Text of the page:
North Carolina Schools Report Nearly $3 Million in School Meal Debt
While there were many negatives associated with the COVID-19 pandemic, one of the few positives was the expansion of free school meals for all children across the country. But as of the beginning of the 2022-23 school year, the free lunches were over.
Students were able to eat breakfast and lunch at school for free for two and a half years during the pandemic, regardless of what their household income looked like. At the beginning of this school year, federally subsidized free school meals for all came to an end. Those who qualify for reduced-price meals can still eat for free for this school year, however, thanks to legislation passed by the North Carolina General Assembly last summer.
The State Board of Education and the state Department of Public Instruction (DPI), among others, are asking for recurring funding in this year’s budget to eliminate the co-pay for students who only qualify for reduced-price meals.
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When a child doesn’t have the money for a meal, they may charge it to their accounts — which may have no money in it, thus accruing debt — or depending on the policies of the district or charter school, they might even be denied a meal.
DPI compiles data on school meal debt that it receives via survey, and that debt is going up quick — it’s now up to over $3 million.
Lynn Harvey, the senior director in the Office of School Nutrition at DPI, spoke on the issue at a recent N.C. Child Hunger Leaders Conference.
“One of the most telling statistics that I bring you today to show you the impact of this economic distress is the most recent result of the survey on school meal debt, unpaid school meal debt,” she said at the conference. “You may recall that in November, we recorded that level of unpaid school meal debt at $1.3 million. Well at the end of December, that figure escalated to a little over $3.1 million.”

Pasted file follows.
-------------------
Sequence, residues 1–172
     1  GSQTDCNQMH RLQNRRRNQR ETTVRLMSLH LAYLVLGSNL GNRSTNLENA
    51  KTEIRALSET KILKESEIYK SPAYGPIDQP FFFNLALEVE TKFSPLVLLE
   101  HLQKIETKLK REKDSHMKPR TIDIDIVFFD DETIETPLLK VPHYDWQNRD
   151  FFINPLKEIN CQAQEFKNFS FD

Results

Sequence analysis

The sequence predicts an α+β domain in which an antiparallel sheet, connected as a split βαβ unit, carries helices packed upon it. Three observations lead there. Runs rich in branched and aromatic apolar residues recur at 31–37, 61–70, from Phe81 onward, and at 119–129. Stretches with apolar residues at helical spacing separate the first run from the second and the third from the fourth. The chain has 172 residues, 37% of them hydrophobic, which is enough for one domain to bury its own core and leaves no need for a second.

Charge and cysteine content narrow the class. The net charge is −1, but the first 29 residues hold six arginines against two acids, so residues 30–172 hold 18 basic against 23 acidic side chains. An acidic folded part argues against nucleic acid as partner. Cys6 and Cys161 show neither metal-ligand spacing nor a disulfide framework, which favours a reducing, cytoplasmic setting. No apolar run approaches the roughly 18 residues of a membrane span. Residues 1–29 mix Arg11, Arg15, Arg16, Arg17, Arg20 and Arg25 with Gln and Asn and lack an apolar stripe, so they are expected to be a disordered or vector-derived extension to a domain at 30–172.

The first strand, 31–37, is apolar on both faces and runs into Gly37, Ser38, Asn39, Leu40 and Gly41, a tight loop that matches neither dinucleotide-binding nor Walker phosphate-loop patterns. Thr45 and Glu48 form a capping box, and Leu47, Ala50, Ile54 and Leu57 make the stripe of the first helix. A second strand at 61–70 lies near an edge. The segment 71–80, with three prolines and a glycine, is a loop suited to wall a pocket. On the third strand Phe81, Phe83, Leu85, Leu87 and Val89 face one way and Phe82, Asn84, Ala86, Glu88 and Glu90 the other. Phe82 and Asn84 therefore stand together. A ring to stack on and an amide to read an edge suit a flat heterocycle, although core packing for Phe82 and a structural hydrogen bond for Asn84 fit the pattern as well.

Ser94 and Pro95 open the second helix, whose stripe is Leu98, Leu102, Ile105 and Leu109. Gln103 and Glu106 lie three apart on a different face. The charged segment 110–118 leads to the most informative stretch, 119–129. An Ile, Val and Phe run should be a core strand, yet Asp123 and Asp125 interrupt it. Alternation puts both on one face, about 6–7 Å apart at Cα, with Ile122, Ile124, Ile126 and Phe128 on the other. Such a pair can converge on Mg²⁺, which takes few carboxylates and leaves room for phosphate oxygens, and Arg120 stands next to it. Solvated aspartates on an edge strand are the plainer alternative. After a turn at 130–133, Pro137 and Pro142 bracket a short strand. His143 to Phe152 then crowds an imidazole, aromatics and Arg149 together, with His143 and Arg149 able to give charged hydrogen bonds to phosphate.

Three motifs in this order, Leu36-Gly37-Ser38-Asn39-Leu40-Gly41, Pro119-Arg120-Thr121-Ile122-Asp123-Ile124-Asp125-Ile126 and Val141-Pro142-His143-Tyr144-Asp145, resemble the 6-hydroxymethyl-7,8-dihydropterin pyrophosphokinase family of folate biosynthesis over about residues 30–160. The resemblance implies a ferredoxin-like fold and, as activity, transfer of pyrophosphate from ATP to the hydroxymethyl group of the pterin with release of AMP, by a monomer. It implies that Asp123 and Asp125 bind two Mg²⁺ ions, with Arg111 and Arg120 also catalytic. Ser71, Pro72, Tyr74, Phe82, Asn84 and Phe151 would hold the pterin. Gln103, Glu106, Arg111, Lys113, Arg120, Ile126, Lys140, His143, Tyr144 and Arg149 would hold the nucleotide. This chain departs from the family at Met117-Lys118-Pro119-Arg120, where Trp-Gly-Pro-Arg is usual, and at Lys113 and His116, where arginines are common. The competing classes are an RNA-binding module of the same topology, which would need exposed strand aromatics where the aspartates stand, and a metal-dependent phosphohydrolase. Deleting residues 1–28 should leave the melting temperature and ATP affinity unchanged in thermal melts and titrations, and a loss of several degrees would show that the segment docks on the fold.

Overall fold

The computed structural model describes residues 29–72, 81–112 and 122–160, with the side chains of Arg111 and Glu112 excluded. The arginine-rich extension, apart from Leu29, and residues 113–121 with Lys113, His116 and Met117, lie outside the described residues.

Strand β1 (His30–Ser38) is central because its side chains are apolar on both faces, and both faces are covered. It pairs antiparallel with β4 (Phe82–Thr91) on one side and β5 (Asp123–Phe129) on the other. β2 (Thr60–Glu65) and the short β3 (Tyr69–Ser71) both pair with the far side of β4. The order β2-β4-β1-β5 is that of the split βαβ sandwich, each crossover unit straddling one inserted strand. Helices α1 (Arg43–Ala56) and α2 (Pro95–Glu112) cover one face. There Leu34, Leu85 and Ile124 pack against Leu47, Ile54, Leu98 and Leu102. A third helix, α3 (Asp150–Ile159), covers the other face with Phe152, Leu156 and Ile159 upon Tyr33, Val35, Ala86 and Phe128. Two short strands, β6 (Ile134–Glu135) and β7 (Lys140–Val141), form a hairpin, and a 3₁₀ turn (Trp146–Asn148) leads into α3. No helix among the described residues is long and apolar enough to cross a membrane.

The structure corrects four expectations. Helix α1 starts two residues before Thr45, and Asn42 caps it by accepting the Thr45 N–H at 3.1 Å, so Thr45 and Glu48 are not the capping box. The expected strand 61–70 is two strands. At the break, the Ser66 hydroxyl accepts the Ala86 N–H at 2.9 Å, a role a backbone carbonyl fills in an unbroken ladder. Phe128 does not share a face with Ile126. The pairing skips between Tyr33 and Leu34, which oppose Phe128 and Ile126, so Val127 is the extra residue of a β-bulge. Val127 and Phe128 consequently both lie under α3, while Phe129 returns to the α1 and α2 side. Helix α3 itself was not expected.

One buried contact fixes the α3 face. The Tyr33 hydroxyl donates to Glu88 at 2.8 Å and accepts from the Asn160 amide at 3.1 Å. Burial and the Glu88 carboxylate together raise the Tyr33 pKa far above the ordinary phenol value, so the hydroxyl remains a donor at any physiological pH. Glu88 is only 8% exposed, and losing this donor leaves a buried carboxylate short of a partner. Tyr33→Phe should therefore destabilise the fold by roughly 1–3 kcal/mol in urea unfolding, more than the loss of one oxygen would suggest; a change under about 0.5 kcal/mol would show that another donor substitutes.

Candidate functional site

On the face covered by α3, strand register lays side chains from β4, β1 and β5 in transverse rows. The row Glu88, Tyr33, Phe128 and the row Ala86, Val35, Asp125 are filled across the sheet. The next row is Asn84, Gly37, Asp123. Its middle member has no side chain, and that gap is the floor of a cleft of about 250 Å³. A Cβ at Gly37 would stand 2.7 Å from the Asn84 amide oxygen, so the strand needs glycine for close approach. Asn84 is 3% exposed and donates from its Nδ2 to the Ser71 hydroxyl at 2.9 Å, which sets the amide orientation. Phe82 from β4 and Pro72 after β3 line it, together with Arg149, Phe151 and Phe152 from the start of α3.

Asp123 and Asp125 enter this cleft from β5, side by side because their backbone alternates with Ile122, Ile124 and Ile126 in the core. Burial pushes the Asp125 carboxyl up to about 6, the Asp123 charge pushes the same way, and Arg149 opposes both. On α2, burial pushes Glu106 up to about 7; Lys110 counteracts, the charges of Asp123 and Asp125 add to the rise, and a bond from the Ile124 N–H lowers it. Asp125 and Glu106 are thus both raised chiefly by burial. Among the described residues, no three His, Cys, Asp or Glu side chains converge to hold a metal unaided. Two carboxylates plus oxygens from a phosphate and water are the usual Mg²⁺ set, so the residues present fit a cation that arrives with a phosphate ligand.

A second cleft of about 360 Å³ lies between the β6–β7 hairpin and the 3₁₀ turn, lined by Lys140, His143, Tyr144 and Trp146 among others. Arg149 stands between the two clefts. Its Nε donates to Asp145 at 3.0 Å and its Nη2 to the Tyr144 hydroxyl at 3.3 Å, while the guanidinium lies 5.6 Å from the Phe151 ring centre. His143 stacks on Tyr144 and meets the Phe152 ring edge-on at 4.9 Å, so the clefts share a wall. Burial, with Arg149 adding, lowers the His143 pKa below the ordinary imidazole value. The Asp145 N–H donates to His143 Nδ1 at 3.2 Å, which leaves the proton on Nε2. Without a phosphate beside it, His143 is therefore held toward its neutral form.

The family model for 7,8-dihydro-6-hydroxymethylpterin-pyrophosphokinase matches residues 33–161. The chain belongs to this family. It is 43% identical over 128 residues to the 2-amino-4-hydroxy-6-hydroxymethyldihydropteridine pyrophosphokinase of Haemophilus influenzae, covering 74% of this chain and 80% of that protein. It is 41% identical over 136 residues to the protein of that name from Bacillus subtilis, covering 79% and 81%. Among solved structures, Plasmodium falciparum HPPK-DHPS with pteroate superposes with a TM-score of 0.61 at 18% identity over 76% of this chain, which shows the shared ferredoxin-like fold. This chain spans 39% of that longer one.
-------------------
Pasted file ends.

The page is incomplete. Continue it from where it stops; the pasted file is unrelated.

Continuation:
It is a relatively new phenomenon for DPI to be keeping this data, making it hard to ascertain the significance of the school meal debt. DPI hasn’t historically keep information on school meal debt, though beginning this year, it is submitting information on the issue quarterly to the General Assembly.
The following spreadsheet displays the results of the most recent survey, which shows debt accrued since the beginning of this school year through December. DPI will be sending out another survey in a few days to find out debt accrued through the beginning of March.
In the spreadsheet below, you can see school meal debt for each of the 79 districts that responded to the survey. By clicking a tab at the bottom, you can also see school meal debt by charter school for the charter schools that participated in the survey.
We also created a second column that shows per capita school meal debt and sorts it from highest to lowest. The per capita data was calculated by taking the total lunch debt of a district or charter school and dividing it by the most recent student enrollment data.
Here is the spreadsheet.
We’ve broken out the data into a few different charts to show local education agencies (LEAs) with highest and lowest meal debt or meal debt per capita.
The LEAs (districts and charters) reporting the highest school lunch debt are below.
And here are the five LEAs (districts and charters) that had no lunch debt.
When it comes to per capita lunch debt, we split out the LEAs into the two groups for comparison — district and charter.
The districts with the highest per capita lunch debt are below.
And here are the districts with the lowest.
Here are the charters with the highest per capita lunch debt.
And here are the ones with the lowest.
“Let’s not forget that we continue to be that state that vacillates between the eighth, ninth, and tenth largest for child food insecurity,” Harvey said at the conference last month, adding later that she was most concerned about “households whose children do not qualify for free- or reduced-priced meals, yet their incomes are just too low to afford the cost of school meals.”
This article first appeared on EducationNC and is republished here under a Creative Commons license.